Agony Shorthand

Monday, December 15, 2003
MISSION OF BURMA LIVE TO AIR…..Was re-blown away by the majesty of one of my all-time favorite bands, MISSION OF BURMA, this past week, courtesy of a CD that comprises two on-air recordings they made for Boston’s WERS radio in 1980. Last time I remembered how great and ahead of the curve this band were was during my post-2002 reunion show Burma frenzy, when I re-listened to their entire, every-song-a-classic catalog over AND over AND over again. That show, by the way, dispelled any hide-bound notions I had about the lameness of reunion gigs. The July 2002 show in San Francisco was easily most fantastic rock show I’ve seen in, like, a decade! Just when they were peaking during the encore, having kicked out the jams through “Fame and Fortune” and “That’s How I Escaped My Certain Fate”, they cranked out a million miles fast cover of one of the greatest first wave punk tunes ever, THE DILS' “Class War”. I’m pretty sure I fainted.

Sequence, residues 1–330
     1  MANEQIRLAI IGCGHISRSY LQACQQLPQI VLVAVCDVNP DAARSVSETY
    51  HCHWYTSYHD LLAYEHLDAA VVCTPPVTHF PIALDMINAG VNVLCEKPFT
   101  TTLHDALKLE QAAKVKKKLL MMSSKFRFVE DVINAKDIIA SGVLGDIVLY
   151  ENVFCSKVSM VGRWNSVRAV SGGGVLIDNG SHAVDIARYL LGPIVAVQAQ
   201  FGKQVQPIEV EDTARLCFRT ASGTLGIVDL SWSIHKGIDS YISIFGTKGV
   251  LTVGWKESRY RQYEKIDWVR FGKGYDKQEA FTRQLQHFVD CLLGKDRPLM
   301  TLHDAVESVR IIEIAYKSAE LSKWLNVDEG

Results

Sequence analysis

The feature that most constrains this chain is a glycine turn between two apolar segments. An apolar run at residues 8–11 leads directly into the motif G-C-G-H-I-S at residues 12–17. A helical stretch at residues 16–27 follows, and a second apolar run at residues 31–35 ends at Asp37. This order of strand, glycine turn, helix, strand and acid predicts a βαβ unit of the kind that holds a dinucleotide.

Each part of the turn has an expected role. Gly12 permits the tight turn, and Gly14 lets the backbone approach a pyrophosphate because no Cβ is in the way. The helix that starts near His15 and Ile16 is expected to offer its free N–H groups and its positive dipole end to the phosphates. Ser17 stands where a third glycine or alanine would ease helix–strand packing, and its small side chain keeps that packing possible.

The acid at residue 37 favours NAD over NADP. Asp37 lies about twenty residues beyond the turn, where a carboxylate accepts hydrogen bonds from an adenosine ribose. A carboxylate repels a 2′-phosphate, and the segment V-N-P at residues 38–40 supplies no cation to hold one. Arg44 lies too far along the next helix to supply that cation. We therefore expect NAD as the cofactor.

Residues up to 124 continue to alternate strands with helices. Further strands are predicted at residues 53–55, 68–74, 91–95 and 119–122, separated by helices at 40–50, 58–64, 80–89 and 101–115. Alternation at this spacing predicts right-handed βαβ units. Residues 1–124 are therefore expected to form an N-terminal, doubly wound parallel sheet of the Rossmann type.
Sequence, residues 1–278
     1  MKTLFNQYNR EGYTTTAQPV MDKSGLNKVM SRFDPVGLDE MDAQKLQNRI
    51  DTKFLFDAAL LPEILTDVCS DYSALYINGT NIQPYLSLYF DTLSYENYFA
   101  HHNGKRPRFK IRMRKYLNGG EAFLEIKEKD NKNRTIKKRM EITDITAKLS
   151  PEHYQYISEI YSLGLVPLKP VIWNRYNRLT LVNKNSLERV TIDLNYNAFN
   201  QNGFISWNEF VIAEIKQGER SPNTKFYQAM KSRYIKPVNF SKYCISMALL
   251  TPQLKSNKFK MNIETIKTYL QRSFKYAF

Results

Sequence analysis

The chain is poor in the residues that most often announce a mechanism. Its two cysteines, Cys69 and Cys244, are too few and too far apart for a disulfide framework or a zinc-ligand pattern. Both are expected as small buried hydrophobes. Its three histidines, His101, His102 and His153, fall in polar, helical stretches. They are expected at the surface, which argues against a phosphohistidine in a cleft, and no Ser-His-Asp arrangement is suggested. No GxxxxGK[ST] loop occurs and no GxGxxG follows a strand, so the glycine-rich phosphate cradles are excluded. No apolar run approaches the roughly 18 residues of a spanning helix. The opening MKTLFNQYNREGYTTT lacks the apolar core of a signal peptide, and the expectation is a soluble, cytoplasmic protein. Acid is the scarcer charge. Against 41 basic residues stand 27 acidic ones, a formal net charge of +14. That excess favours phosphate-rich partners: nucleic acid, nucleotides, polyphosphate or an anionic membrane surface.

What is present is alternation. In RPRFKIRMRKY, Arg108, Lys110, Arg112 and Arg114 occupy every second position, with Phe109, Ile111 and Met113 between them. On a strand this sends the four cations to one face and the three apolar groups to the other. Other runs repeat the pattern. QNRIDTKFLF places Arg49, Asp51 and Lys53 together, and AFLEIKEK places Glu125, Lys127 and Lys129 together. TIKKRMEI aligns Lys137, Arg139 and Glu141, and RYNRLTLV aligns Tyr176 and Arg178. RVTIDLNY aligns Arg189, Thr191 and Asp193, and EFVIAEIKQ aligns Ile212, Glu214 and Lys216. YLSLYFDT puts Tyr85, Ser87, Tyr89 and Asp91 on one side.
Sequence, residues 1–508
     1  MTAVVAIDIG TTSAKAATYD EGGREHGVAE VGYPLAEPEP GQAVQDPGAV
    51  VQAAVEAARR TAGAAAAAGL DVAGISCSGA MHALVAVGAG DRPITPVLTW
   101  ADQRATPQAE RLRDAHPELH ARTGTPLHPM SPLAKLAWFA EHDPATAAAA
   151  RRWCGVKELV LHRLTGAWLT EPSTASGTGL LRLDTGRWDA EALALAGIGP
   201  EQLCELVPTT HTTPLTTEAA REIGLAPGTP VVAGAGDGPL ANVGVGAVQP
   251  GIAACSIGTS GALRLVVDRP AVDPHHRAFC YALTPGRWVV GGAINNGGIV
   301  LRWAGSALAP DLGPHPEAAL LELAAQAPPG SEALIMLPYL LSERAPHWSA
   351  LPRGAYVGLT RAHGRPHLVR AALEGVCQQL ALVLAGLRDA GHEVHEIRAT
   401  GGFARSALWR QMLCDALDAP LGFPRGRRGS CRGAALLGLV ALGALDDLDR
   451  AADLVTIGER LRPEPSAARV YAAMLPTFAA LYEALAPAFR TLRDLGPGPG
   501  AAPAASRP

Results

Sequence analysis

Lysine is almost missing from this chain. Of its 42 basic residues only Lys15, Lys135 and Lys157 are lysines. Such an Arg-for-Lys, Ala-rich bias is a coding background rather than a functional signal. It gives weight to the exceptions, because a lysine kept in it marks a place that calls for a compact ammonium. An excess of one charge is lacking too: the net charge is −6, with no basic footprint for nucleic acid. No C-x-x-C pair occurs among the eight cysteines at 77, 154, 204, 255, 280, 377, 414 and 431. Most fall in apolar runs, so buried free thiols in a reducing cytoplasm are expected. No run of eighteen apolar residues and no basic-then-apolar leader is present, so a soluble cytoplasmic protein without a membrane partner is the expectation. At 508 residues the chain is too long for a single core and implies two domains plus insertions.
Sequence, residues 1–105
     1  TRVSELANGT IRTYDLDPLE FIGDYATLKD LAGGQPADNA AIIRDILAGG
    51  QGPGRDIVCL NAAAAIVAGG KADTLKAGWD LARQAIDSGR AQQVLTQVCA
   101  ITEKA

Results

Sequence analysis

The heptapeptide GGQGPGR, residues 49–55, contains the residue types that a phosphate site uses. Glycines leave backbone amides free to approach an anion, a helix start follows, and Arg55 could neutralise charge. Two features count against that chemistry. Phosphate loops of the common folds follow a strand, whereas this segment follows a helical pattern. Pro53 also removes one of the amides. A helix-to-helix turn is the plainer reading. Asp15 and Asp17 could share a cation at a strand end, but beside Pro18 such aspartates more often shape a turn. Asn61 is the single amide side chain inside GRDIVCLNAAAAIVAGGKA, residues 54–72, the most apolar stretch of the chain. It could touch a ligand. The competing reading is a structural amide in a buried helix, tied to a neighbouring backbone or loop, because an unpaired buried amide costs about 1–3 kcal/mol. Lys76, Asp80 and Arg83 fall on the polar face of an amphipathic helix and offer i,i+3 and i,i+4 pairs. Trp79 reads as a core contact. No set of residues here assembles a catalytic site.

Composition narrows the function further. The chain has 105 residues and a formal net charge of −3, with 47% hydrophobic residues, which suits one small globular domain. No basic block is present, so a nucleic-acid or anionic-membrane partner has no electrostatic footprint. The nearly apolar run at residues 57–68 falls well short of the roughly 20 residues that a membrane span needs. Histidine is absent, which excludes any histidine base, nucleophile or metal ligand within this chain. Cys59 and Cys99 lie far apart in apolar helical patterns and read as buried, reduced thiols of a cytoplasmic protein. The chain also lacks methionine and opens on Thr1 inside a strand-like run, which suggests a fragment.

These radio sets are from April 1980 and September 1980 respectively, pretty early in the band’s brief career – in the first one, Roger Miller talks skeptically about whether or not their first 45 (“Academy Fight Song / Max Ernst”) will ever be released (!). “Max Ernst” in particular, always a quirky and confusing (but good) song on the 45, is delivered in raw and aggressive fashion live – somehow they missed the spirit of their own world-beating song when they got it onto vinyl. The April 1980 set also has a Peter Prescott-sung tune that has never appeared elsewhere and to the best of my knowledge was unrecorded. It’s lopey and a little more whimsical than most Burma output, maybe more in line with Prescott’s later Volcano Suns work than with the most refined and geometrically angular Mission of Burma. Both sets contain a great many of the unreleased tunes that never saw official light until long after the band’s demise, like “Execution”, “Peking Spring” and “Progress”. One also has the amazing distorted instrumental piece “Tremelo”, which layers and unwraps a simple riff into its piece parts to hypnotic, entrancing effect. Fantastic stuff, and one of the rare radio or recorded live shows that actually adds to a band’s legend rather than detracts. I’ll make a case for Mission of Burma joining Black Flag, The Flesh Eaters and The Minutemen as the prime exponents of the early 80s American underground, one of the most fertile times and places for rock music anywhere, ever. Now that’s something!